Choctaw Nation of Oklahoma

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  • Cyrus Byington

    Cyrus Byington – Missionary and Choctaw Linguist

    by Louis Coleman

    Cyrus Byington, a native of Massachusetts, went to the Choctaws in Missippissi in the spring of 1821 and remained to serve them as a Christian missionary for forty-five years, thirty-one of which were at Eagletown.

    When he arrived among the Choctaws, they had no written language. The missionaries opened schools but efforts to teach them in English failed and it was decided that the native language had to first be learned and taught.

    Byington was detailed to concentrate on learning the language and developing the tools of the written form. He and Alfred Wright, later the founder of Wheelock Mission, cooperated on the project, developed an alphabet and Byington began, with the assistance of a few Choctaws, to develop a Grammar, Dictionary, Definer and Speller of the language.

    Byington was the first of the missionaries to become sufficiently knowledgeable of the language to preach in it. He and other missionaries began to translate portions of the Bible and several hymns into Choctaw.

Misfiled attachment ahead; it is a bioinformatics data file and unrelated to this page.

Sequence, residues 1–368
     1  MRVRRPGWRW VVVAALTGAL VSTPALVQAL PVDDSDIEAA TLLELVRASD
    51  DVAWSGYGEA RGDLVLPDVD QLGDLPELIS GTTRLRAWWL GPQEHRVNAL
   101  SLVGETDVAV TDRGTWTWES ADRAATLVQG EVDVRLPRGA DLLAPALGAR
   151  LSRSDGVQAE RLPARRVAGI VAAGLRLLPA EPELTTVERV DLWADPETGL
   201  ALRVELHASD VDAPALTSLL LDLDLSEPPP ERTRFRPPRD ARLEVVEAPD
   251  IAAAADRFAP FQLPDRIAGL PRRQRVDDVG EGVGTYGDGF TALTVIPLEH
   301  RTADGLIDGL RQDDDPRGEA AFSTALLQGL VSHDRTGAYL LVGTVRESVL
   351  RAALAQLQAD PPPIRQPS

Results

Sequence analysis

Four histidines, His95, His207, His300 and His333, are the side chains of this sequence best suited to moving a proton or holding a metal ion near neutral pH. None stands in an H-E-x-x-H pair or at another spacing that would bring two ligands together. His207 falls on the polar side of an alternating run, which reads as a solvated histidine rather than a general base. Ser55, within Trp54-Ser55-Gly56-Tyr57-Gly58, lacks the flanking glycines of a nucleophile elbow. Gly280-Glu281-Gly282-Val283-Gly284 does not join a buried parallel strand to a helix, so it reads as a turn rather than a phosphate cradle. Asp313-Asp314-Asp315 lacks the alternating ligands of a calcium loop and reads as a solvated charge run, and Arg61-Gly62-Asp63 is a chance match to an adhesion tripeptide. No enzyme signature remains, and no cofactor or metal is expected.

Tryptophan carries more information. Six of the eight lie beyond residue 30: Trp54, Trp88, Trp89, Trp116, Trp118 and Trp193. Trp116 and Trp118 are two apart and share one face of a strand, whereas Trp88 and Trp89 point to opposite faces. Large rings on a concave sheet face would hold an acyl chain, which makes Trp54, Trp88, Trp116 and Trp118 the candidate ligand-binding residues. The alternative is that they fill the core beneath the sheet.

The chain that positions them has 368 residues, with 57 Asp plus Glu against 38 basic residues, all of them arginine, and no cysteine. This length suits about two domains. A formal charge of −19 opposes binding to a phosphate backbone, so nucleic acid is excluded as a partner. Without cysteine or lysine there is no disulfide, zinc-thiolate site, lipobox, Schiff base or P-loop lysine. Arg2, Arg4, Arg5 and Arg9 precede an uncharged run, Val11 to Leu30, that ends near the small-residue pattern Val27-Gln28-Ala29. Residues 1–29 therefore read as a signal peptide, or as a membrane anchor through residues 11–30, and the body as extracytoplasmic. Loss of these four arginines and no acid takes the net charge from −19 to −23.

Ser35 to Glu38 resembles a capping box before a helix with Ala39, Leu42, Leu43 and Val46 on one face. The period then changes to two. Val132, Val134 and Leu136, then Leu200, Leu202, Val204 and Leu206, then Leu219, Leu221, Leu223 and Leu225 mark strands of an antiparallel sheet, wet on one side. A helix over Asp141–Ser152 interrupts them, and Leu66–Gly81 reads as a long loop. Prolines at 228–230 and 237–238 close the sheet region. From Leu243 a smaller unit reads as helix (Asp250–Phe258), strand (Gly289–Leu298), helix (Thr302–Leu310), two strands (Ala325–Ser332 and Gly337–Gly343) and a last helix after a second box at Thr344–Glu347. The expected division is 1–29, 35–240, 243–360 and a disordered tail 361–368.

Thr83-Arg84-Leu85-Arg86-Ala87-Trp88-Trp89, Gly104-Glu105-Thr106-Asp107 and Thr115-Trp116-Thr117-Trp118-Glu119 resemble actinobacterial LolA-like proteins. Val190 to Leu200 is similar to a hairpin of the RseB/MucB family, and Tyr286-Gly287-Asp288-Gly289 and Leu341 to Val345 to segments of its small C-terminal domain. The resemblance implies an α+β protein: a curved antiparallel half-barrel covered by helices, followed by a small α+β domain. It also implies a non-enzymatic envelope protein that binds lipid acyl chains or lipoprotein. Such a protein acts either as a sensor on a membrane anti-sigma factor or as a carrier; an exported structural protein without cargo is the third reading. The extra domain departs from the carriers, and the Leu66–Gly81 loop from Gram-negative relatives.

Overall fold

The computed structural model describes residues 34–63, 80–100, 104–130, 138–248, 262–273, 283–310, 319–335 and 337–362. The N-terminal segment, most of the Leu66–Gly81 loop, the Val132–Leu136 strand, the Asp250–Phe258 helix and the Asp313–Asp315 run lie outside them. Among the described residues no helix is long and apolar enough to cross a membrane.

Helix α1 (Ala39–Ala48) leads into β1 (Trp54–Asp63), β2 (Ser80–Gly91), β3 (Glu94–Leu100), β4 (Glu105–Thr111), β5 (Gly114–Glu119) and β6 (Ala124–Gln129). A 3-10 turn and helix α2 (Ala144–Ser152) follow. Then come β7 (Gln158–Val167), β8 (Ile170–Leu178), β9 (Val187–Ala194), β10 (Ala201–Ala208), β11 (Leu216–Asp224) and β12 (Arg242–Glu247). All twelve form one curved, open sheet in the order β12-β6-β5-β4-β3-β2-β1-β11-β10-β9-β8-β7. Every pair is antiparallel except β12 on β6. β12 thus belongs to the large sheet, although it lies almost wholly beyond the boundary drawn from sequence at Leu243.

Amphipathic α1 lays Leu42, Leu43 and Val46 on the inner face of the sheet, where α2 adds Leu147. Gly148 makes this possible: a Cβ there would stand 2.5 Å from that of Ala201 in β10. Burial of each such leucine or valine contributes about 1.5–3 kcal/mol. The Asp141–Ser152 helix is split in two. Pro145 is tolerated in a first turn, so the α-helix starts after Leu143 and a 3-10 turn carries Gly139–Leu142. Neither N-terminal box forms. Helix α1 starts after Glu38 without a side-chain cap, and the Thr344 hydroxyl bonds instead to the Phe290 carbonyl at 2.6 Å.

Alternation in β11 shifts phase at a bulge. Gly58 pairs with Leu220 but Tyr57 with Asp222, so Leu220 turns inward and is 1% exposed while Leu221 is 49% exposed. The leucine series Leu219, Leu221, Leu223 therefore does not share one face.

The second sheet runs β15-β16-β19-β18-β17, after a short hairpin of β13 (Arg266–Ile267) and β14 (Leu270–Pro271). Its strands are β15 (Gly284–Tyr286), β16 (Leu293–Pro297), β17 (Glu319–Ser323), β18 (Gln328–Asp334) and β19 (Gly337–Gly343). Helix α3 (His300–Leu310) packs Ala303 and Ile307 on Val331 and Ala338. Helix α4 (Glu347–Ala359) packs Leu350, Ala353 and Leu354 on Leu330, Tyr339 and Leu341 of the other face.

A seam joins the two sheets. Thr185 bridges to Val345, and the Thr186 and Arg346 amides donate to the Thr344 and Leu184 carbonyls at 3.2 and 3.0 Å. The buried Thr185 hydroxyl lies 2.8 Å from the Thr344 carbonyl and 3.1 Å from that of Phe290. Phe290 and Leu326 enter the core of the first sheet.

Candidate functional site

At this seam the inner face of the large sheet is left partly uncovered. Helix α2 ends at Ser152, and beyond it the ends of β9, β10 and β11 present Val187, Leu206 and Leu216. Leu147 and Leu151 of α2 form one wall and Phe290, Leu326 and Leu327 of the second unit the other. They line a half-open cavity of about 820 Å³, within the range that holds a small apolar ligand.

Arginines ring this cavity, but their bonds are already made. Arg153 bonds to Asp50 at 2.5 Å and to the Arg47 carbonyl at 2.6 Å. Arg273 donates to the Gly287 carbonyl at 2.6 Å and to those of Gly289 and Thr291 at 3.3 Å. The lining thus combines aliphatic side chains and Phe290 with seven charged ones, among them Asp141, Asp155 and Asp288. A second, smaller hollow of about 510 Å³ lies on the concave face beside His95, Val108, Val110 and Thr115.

When the Choctaws moved to what is now southeastern Oklahoma, Byington, Wright and other missionaries followed. Byington arrived in late 1835 and established his mission a short distance east of where the town of Eagletown is now located. He lived at the site until 1844 when he moved about a mile and one-half north to a point east of where the Eagletown Cemetery is now located. The purpose of this move was to bring him closer to the new Iyanubbi Female Seminary which was part of the Choctaw Educational system.

    From the new site he supervised the seminary, continued his work on the language, founded several churches and served them on his one hundred mile circuit. He also was frequently called upon to treat his Choctaw parishioners medically, there being no physician in the area.

    During the early part of his mission tenure, he also farmed to help support his family and raise feed for his stock.